Packaging of beer is an interesting case study, because there is a large variety of existing packaging types and large diversity of End-Of-Life (EOL) scenarios. At the European level one can find: i) deposit systems (Germany), ii) single-use glass bottles (many countries, such as France, Sweden, Spain...), iii) tin can packaging (all countries), iv) plastic packaging (mainly in special contexts, such as in our outdoor events, etc). Many European countries abandoned the deposit systems in the last 40 years. For example, Sweden saw the use of reusable glass bottles fall from 46 to 31% from 1979 to 1997. However, with regards to the environmental impacts of single-use packaging, there is now renewed interest to return to these deposit systems. This is favored by the European strategy to diminish post-consumer waste streams.
In this study, we use the results of a the study of Boesen et al. 2019 using a streamlined-LCA combined with a consumer evaluation of packaging. The compared beer packagings were: glass, aluminium, PET, single use and reusable glass bottles.
This article can also provide you valuable data on liquid packaging in general.
The functional unit was the "containment of 1 hl of beverage". Production and consumer-use are excluded from the scope of the LCA.
All usual indicators used for LCA of packaging are presented in this study. For purposes of simplification, this table shows the result for Climate Change (CC).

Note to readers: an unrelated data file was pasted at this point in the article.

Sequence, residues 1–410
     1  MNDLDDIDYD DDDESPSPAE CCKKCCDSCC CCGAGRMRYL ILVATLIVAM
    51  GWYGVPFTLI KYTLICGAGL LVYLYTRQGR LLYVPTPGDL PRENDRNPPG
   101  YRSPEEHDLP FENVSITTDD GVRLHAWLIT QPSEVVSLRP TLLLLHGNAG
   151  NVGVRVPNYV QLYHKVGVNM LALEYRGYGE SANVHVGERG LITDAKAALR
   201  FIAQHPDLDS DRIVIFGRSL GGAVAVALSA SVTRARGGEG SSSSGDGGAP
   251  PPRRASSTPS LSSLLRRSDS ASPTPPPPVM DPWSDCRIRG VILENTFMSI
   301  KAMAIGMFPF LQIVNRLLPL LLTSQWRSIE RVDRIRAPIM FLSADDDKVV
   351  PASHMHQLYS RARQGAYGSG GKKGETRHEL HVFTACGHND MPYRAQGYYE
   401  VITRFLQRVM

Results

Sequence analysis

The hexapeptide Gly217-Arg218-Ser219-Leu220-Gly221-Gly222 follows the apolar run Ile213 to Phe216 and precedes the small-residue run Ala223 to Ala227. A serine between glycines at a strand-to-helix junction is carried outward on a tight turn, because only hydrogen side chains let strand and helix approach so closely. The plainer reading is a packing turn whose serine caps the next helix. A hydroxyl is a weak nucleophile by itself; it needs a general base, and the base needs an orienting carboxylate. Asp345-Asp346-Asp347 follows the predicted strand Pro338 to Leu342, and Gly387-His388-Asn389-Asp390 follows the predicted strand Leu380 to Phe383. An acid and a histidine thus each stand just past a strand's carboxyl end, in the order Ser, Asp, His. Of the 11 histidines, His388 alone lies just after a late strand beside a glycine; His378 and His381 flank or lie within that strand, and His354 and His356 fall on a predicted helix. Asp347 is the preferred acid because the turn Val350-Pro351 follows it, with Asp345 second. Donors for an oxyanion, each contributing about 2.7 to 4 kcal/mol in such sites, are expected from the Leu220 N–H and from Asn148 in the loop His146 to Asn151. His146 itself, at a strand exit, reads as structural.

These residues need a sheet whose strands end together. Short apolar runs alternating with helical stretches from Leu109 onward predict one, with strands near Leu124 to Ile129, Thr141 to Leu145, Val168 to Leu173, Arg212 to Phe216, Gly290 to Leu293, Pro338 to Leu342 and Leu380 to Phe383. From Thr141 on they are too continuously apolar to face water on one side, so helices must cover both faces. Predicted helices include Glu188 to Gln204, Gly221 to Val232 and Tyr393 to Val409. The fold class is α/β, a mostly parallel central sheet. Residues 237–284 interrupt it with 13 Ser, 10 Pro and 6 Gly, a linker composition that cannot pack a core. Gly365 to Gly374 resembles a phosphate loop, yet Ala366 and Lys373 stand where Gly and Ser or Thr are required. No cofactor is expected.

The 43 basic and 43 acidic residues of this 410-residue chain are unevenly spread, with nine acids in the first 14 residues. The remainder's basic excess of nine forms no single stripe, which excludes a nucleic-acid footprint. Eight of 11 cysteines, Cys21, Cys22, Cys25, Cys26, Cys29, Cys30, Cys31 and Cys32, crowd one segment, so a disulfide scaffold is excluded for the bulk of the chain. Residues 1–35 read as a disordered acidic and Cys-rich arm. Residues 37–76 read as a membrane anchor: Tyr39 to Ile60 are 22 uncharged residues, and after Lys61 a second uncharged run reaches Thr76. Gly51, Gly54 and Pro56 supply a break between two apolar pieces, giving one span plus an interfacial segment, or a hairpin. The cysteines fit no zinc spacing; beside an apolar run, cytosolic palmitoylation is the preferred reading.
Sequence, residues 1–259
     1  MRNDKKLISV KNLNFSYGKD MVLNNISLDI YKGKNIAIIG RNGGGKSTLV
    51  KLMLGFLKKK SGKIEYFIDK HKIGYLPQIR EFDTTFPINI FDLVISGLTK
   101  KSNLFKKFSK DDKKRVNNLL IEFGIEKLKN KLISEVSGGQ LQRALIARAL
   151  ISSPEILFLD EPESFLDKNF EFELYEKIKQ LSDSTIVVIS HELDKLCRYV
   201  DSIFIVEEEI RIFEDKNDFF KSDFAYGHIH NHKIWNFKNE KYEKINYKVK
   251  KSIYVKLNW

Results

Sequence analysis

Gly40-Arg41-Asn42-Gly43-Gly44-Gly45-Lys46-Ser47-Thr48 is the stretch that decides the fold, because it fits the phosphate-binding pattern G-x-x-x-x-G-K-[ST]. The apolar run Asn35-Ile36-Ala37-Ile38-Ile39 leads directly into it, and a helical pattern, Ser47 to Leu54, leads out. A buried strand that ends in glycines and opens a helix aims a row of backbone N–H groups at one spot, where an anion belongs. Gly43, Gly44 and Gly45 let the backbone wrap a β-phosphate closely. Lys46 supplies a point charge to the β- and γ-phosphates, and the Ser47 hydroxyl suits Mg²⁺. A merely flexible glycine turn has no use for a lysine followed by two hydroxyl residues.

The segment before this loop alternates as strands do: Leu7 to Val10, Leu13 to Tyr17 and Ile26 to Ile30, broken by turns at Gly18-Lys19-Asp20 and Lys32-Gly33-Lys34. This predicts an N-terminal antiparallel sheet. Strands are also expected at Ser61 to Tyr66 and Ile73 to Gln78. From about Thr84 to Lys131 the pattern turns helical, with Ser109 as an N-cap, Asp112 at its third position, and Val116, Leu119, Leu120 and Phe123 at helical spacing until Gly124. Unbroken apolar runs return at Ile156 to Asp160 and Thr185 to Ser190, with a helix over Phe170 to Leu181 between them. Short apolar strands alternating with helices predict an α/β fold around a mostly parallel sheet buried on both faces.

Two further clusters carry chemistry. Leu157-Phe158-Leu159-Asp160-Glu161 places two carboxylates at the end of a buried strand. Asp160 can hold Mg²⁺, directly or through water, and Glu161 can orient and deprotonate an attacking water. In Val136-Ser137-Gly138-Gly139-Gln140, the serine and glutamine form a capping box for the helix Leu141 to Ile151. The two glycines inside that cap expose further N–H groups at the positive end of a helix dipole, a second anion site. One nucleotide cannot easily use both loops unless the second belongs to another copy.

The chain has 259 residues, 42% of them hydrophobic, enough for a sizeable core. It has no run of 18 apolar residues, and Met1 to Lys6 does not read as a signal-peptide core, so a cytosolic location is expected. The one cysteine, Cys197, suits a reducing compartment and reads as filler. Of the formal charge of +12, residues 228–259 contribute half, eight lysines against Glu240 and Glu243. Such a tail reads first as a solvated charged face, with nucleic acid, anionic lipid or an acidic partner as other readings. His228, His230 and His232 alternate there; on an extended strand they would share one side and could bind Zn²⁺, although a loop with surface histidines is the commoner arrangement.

|Type of packaging||CC (kg of CO2,eq per FU)|
|Reusable glass bottle||14.1|
|Plastic PET bottle||46.3|
|Single-use glass bottle||96.3|
Different studies exist, confirming the general conclusions, i.e. aluminium and single-use glass packaging are performing worst in an open-loop scenario. However, assuming a closed-loop recycling of aluminum would improve its environmental balance and be more favorable than closed-loop PET recycling considering CC (Simon et al. 2015). However, according to (Amienyo et al. 2013)reusing glass bottles just 3 times would improve CC to the level of aluminium cans and PET bottles.
Boesen et al. 2019 carried out a survey on consumer perception of sustainability by consumers as compared to the LCA results. Figure 1 shows that reusable glass is correctly perceived as sustainable and single-use glass bottles as non sustainable. There is a but a gap between the perception and the actual sustainability of the single-use solutions. Consumers tend to overestimate the environmental impact of aluminium cans and PET bottles.
Figure 1. Comparison between environmental impact evaluated by LCA and perception of sustainability by consumers, adapted from Boesen et al. 2019.
This case-study concludes to the effectiveness of resuable glass bottles from an environmental point of view. However, given the current organization of food distribution and waste collection systems, a change toward this solution would require an organizational change in most countries, with an eventual return to deposit systems.
Advantages in reuse of glass packaging is discussed in the milk packaging case study.
D. Amienyo, H. Gujba, H. Stichnothe, A. Azapagic, Life cycle environmental impacts of carbonated soft drinks, The International Journal of Life Cycle Assessment, 18 (2013) 77-92. online article
S. Boesen, N. Bey, M. Niero, Environmental sustainability of liquid food packaging: Is there a gap between Danish consumers' perception and learnings from life cycle assessment?, Journal of Cleaner Production, 210 (2019) 1193-1206. online article
Note: One of the authors acknowledges financial support by Carlsberg, a beer producer.
B. Simon, M.B. Amor, R. Földényi, Life cycle impact assessment of beverage packaging systems: focus on the collection of post-consumer bottles, Journal of Cleaner Production, 112 (2016) 238-248.online article